By Anton Ahrens, Topeka Capial-Journal

As we approach what many have called “the most important election in our nation’s history,” I wonder what we value as citizens of this great and beautiful country.

Specifically, should we act as individuals working for our benefit alone or should we act as a community working to benefit all? I hope we work to improve life for those in our community who are working multiple jobs just to get by, those who don’t have health insurance but still need medical attention, and those who just feel forgotten. When they benefit, we all benefit. But what can we do?

Start small. Work to transform our local landscape. I do this by working with 28 faith groups across Shawnee County in Topeka JUMP. JUMP is a nondenominational, nonpartisan, nonprofit working in Shawnee County to bring attention to injustice and suggesting solutions that will make the county a more just place to live, work and raise a family.

One example of JUMP’s work is workforce transportation. In 2017, we urged the Topeka Metro director, to find a way to get Topekans transportation to living wage jobs in south Topeka where there was no bus service.

The director created a program, SOTO, which provided a $5 door-to-door ride to work (or home) with Capital City taxi doing the driving, any time, 24/7. Since December of 2017, SOTO and NETO, the northeast analog, have provided more than 37,000 rides, with about 25% of those rides coming between 10 p.m. and 3 a.m. The $5 passenger cost is supplemented by a $10-15 payment split between economic development funding through Go Topeka and the company (e.g., Target, Home Depot, Mars, Resers).

Companies often say it’s hard to find and keep good, reliable employees, so paying their monthly invoices makes sense. But two companies, Home Depot and Mars, stopped paying their invoices in 2019, dropping out of the program.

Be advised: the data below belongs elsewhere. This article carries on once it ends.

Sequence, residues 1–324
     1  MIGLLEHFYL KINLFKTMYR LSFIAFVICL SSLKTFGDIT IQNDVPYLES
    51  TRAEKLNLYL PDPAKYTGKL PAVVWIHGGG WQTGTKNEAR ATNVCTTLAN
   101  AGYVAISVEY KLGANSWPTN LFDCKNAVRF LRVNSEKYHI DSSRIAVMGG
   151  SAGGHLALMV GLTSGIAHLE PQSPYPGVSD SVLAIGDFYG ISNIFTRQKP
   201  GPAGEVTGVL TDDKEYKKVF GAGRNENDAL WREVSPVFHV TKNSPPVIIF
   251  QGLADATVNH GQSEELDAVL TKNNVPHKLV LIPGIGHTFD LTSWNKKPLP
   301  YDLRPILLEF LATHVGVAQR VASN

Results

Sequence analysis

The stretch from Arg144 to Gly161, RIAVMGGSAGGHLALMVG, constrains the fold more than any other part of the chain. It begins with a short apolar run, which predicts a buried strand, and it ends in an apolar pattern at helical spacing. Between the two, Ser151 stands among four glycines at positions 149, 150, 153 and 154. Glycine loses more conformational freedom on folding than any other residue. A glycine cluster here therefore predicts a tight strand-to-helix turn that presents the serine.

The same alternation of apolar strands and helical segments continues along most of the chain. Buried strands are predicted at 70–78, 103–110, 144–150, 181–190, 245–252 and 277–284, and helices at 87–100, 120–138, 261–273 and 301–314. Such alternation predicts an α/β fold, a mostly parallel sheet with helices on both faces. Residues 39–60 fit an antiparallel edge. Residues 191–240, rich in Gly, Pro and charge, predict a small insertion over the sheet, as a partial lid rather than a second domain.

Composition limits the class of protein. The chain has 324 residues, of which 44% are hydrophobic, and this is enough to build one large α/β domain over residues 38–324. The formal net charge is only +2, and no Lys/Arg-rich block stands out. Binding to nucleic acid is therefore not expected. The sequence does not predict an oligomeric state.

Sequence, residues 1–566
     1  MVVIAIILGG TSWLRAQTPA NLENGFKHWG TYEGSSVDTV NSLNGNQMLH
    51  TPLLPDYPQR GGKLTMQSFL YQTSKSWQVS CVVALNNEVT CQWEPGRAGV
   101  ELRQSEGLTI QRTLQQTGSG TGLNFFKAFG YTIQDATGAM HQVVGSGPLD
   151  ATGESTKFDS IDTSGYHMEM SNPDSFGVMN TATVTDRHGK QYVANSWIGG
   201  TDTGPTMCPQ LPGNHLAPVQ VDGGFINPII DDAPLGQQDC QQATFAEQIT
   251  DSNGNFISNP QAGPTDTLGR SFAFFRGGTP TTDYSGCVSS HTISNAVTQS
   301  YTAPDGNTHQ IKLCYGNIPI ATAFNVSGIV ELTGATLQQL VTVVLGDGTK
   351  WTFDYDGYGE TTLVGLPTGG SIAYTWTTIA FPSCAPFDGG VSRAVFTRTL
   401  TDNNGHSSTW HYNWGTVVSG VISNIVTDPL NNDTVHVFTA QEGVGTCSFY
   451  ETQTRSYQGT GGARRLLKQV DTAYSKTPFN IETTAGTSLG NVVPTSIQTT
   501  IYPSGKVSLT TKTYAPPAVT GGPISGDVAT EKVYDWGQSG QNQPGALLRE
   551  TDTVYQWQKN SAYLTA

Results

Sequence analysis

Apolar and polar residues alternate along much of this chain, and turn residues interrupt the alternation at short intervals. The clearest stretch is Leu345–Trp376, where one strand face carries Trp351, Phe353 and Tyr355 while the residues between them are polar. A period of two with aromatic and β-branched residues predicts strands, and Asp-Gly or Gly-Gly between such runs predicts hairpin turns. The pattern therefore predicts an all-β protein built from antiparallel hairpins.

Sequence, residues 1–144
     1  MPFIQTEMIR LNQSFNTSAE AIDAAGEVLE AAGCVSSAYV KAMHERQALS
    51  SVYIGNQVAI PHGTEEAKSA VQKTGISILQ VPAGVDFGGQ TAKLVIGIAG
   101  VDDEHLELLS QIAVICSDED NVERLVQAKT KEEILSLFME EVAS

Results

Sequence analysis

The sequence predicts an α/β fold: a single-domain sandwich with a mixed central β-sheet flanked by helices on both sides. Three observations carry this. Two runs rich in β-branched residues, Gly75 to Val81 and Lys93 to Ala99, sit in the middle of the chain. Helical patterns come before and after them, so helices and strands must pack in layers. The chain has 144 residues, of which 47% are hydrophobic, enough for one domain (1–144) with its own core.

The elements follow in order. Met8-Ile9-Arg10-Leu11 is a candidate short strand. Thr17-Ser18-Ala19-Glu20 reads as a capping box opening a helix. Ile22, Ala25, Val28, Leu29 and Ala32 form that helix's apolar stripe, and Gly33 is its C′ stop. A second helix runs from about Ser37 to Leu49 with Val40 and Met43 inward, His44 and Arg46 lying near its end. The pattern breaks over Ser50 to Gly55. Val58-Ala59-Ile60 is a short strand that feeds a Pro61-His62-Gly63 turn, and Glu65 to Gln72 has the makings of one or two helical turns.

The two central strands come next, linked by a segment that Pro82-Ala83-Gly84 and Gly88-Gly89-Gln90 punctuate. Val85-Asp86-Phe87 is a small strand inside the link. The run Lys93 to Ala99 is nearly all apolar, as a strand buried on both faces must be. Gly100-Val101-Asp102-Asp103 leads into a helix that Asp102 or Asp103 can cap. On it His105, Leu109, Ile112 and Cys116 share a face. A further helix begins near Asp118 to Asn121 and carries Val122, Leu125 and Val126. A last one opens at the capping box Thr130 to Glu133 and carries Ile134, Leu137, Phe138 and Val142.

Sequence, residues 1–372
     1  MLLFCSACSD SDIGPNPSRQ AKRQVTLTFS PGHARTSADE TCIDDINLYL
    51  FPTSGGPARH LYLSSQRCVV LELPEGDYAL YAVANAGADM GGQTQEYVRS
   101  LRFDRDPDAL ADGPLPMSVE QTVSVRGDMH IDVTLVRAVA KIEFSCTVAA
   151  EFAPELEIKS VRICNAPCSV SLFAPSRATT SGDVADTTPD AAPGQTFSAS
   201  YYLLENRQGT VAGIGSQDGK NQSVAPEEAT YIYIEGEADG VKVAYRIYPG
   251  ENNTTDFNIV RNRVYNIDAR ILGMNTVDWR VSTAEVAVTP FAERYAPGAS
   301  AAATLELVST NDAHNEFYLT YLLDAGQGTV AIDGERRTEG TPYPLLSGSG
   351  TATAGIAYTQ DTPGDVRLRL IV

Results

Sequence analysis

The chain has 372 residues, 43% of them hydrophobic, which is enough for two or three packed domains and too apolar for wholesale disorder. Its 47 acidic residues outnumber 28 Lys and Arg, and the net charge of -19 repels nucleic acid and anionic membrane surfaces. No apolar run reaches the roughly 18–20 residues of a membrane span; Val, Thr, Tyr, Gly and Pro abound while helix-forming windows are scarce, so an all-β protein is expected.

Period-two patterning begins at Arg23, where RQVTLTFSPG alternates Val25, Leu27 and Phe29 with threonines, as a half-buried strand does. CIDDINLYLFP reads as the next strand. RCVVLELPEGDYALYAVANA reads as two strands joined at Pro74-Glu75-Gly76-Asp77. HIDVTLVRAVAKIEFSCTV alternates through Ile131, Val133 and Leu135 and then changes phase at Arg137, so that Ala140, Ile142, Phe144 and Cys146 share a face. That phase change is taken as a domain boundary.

Now, let’s be clear. Many companies, like Target and Frito Lay, have faithfully paid their monthly SOTO invoice. For years, JUMP has implored Go Topeka to write contracts with the companies to formalize this business agreement. Go Topeka has not made contracts.

When Home Depot and Mars dropped out, people lost their ride to work — 300 rides per month were gone. These two companies that are making millions of dollars on their products and getting hundreds of thousands of our tax dollars as incentives are unwilling to pay to get their employees to work?

Since transportation needs still exist, JUMP has secured 2021 funding through Go Topeka (JEDO oversees the GoTopeka budget). I have hope because JEDO members unanimously passed 2021 funding with Shawnee County Commissioner Kevin Cook and City Councilmen Mike Padilla and Tony Emerson taking the lead by constantly supporting workforce transportation in the county.

I have hope for our city/county even in this “it’s all about me” moment in our history. That’s because I know that, working together, we are inexorably moving towards living out the creed that all people are created equal and all deserve justice.

Anton Ahrens, who is now retired, taught chemistry at Topeka High for 32 years and at Highland Park for two years. He has participated in JUMP since 2012.

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